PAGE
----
The Intranet Focus 2016 good cause
As many of you know each year I donate the money I would have spent on Christmas Cards and postage to a good cause.
I expect that most of you will have stood in Trafalgar Square, looked up at Nelson’s Column and across to the National Gallery. However I suspect that few of you will have spotted a large church on the north-east side of the square with columns as the façade that faces onto the Square. This is the church of St. Martins-in-the-Fields, which it certainly was when the first church was built in 1222. The current church dates from 1762, and so is older than the Square, which was not completed until 1844.
What is not visible is a vast Crypt, with a 200 seat cafe/restaurant and it can also host conferences and meetings. All the profits go to support the outreach activities of the church. If you enjoy classical music you may know of the global reputation of the Academy of St. Martins-in-the-Fields, a chamber orchestra founded and directed for many years by Sir Neville Marriner, who died earlier this year. The church gave it space for rehearsals and for its first public performance in 1958.
So why have I have chosen a church in the middle of London for my good cause this year? Well once again this year digital workplaces have been centre stage, now enriched (!) with social networks, cognitive search and artificial intelligence. Work (we are assured) is going to be so much more productive and enjoyable in the future.
But do we think for a moment of the people who do not have a home, let alone a job? We talk of the Future of Work, but not of a future without work for those who for usually no fault of their own are now alone and have no future, or have no access to the training needed for digital working. Will the digital workplaces we are building create a the digital divide?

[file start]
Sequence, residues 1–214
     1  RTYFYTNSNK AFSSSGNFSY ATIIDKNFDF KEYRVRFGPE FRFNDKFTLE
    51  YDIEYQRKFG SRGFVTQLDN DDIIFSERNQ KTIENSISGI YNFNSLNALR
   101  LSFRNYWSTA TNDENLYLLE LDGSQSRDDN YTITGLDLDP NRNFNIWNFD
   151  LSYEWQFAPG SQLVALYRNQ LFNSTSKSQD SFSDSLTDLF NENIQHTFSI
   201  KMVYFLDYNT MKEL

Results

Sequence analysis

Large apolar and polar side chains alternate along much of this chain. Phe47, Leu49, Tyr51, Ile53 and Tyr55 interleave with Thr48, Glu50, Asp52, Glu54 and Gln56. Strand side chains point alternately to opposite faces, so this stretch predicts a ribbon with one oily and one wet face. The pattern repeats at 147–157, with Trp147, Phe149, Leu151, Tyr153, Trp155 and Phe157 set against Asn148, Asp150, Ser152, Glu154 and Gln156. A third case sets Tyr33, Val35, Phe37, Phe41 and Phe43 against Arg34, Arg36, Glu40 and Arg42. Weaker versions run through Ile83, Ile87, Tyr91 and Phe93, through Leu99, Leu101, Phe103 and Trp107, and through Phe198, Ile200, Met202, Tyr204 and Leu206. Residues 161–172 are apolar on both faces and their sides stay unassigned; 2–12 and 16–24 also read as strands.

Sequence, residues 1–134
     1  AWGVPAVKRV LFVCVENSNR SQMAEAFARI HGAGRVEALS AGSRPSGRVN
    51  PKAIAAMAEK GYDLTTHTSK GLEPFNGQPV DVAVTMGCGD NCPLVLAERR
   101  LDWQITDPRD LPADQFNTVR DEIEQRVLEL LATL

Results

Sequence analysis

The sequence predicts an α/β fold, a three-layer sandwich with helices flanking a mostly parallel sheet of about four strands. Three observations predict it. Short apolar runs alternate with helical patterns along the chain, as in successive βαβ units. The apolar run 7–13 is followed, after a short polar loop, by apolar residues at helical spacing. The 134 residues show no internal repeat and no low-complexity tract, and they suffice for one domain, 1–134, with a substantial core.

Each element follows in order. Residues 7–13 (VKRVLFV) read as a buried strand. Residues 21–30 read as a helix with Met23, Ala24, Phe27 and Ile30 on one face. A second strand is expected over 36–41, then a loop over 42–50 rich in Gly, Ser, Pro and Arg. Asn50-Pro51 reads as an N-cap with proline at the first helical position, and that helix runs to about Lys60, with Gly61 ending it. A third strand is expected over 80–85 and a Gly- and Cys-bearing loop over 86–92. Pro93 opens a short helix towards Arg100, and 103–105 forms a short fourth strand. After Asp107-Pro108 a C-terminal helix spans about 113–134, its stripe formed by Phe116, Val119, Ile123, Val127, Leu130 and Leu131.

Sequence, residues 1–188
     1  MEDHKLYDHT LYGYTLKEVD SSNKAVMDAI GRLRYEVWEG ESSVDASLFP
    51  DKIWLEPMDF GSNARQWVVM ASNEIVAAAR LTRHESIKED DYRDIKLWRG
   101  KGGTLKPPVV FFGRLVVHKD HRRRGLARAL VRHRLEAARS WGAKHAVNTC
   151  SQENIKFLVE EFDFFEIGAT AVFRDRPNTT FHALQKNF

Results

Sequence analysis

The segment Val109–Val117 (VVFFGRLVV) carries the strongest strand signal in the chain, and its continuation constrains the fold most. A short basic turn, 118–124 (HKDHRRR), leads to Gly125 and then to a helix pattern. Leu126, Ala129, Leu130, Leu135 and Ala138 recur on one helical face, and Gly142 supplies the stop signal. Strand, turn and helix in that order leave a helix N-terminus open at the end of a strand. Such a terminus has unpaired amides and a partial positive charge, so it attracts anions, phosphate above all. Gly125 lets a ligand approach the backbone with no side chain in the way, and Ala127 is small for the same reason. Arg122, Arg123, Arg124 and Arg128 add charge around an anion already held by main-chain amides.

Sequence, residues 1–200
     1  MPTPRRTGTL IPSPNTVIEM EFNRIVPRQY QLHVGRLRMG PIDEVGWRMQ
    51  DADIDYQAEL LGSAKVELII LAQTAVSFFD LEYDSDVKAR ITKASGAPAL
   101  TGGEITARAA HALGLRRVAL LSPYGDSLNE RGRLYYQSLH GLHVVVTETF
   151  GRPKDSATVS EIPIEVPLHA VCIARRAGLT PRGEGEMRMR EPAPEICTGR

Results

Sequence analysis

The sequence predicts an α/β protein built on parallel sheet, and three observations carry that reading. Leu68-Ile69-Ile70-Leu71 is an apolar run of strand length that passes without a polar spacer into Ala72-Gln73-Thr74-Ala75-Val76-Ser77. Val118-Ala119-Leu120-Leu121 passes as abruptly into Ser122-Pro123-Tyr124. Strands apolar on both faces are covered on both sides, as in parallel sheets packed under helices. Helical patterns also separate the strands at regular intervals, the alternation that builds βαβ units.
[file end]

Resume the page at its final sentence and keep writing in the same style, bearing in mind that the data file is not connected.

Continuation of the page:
Even in the centre of London, one of the most affluent cities in the world, there is despair, poverty and homelessness. It is easy to say that the UK Government should be doing more. However it’s not just a question of money but of community. Someone to talk to who will not judge, a hand to shake and be hugged by and a sense of security and peace within one of the most beautiful churches In London.
For 90 years St. Martin’s has cared for these people, especially at Christmas when it usually raises over £2.5 million with the help of the BBC. As well as the support it provides for people in the immediate area of the church (Connection at St. Martins) this church in London cares for people across the UK. It makes small grants available within days when other sources of support have failed. These grants are often to buy a cooker, a bed or a fridge for people moving into unfurnished accommodation. If the funds I have donated buy someone a cooker or a bed then that is a gift that could be one small step for them along a road to a brighter future.
I would ask that in the year ahead we never lose sight of the fact that every employee in a digital workplace has a family. I feel we sometimes see ’employees’ as a sort of persona, and forget they are individuals, people who are trying to keep a balance between their commitment to their work and a concern about what the future will hold, not just for themselves but also for their families.
With my best wishes to you for 2017